I’ve gotten a small flood of e-mails and referrals to blogs about the final Vatican approval of the new Roman Missal, Third Edition, for liturgical use in the United States.
Cardinal Francis E. George of Chicago, president of the U.S. Conference of Catholic Bishops, announced Aug. 20 that the final approval of all Mass texts for the U.S. had been received.
Are opponents of embryonic stem cell research hypocritical? Michael Kinsley makes a strong case that they are. Of course, opponents of the research make a pretty strong case against the intellectual coherence of those who support the practice. It’s that kind of angel-on-the-head-of-a-pin issue.
Perhaps this is an issue, like abortion, that will not be settled by intellectuals, but by voters and judges who have other considerations than who makes the best argument.
Meanwhile, a Federal court has ruled against Kinsley and other supporters of federally-funded embryonic stem cell research. This issue is not going away.
The poll numbers showing that 16 percent of the public thinks Barack Obama is a Muslim has been seized upon by all sorts of opinion gamers as proof of something or other.
What makes that figure so juicy is that it's jumped recently five percentage points (50%).
Gustavo Guttierrez, Peruvian theologian and Dominican priest regarded as the founder of Liberation Theology, will be on the National Public Radio stations today that broadcast the international affairs program "The World."
Check here for local listings: PRI's The World
I met Ken and Diane Plocher in line for a burrito at the food court during a the national convention of the Survivors Network of those Abused by Priests (SNAP) earlier this month. I was really just looking for someone to have lunch with and they were friendly Midwesterners. But when I met their son, Shawn, and heard his story, I could hardly finish my food.
This family has suffered so much as a result of their now-adult son's victimization by a priest. Shawn was brave enough to share his story with NCR for the record, and I included it in my coverage of the convention here.
I wasn't surprised to see my story reprinted on the Great Plains chapter of SNAP's website, but I was surprised at the accompanying video.
As the U.S. debates the opening of mosques (See my posting of yesterday Four mosque battles brew across US), I have to wonder if there is lesson for us in this story from Turkey.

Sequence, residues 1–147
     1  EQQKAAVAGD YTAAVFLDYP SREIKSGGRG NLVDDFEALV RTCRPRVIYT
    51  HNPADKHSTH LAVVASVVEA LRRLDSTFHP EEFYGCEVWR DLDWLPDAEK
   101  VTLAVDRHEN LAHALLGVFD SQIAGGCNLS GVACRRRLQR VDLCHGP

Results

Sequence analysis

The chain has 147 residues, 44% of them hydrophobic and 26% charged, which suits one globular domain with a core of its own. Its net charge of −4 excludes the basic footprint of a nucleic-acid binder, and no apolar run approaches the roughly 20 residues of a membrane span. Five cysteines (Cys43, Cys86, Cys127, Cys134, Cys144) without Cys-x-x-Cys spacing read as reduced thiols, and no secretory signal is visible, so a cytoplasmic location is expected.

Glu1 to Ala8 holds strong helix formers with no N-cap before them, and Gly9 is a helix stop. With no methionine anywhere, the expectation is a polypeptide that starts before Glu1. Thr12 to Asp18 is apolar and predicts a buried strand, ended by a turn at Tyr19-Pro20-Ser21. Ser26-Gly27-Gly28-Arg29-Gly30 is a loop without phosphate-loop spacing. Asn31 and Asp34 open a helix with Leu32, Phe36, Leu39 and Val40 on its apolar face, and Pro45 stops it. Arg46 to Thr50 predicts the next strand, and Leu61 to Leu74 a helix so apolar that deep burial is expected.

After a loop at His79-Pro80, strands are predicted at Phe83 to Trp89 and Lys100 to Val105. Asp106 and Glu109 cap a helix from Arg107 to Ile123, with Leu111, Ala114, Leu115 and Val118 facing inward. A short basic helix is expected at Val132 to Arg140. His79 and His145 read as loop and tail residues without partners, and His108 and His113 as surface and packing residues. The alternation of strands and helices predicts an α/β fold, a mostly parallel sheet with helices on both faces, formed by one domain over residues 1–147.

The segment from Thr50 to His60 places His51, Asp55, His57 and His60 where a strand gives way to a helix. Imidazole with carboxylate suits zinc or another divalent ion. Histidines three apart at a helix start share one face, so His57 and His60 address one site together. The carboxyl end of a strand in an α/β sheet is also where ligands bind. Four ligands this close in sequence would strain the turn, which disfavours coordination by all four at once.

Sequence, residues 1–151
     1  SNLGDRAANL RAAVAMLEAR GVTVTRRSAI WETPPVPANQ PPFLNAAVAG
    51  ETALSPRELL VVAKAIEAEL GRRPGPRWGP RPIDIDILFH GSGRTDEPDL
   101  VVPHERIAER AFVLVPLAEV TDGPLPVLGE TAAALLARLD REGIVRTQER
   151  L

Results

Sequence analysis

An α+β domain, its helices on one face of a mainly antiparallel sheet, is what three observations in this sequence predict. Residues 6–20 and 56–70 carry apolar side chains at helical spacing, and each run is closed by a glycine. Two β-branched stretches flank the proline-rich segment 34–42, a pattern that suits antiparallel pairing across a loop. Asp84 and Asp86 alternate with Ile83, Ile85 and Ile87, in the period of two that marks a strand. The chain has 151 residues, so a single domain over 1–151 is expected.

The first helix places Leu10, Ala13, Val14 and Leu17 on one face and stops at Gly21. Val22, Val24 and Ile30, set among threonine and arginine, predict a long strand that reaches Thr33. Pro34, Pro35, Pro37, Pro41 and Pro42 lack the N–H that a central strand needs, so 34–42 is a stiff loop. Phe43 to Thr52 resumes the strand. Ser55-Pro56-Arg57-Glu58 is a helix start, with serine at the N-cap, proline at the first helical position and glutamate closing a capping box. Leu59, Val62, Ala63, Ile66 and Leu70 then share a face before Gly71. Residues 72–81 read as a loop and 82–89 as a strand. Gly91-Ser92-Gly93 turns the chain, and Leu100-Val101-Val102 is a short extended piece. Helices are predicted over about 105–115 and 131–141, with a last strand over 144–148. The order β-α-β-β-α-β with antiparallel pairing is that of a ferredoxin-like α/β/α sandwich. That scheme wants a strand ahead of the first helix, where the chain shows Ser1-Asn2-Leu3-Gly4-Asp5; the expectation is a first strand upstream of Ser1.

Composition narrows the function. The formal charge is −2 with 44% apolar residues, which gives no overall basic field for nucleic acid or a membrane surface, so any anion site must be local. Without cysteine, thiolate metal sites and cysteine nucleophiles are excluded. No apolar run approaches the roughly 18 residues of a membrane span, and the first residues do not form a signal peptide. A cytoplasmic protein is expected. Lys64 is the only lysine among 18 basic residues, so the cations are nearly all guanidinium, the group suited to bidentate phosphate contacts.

Strengthen minority religious rights benefits all citizens, Turkish Prime Minister Recep Tayyip Erdogan said last week in defending his government's decision to allow Orthodox Christians to use for the first time in 80 years a 1,600-year-old monastery on Turkey's Black Sea coast.
At least 1,500 pilgrims, many from Greece and Russia, traveled to the monastery of Sumela Aug. 15 for services led by Patriarch Bartholomew I.
"We lose nothing if 500 or 2,000 people meet to hold a service together," Erdogan said during a press conference Aug 16. "Our country will gain more if it allows greater religious freedom. Turkey itself is seeking permission for a mosque in Athens, and this process could be speeded up if the situation improves here."
The New York Times is reporting that the White House is reviewing how to respond to a federal judge’s ruling that temporarily blocks federal financing for embryonic stem cell research, as stunned advocates and lawmakers seek to digest the implications of the decision.
The Times piece quotes Bill Burton, the White House deputy press secretary, as saying the administration has interpreted the temporary injunction, issued by the judge on Monday, as putting a stop to all federally financed research using embryonic stem cells.
On the Natural Resources Defense Council Web site's "OnEarth" page, there is a short version of a longer article that will appear soon by journalist Frederick Kaufman. "What's New for Dinner?" describes recent efforts by big agribusiness to define agricultural sustainability.
Large food producers have allied themselves with a small, relatively unknown, and extraordinarily ambitious consortium called the Stewardship Index for Specialty Crops. The aim is to set industry standards for "sustainability" that will come to be accepted worldwide both by food producers and environmental groups. Kaufman's article is an investigation of how this is playing out in various areas of food production.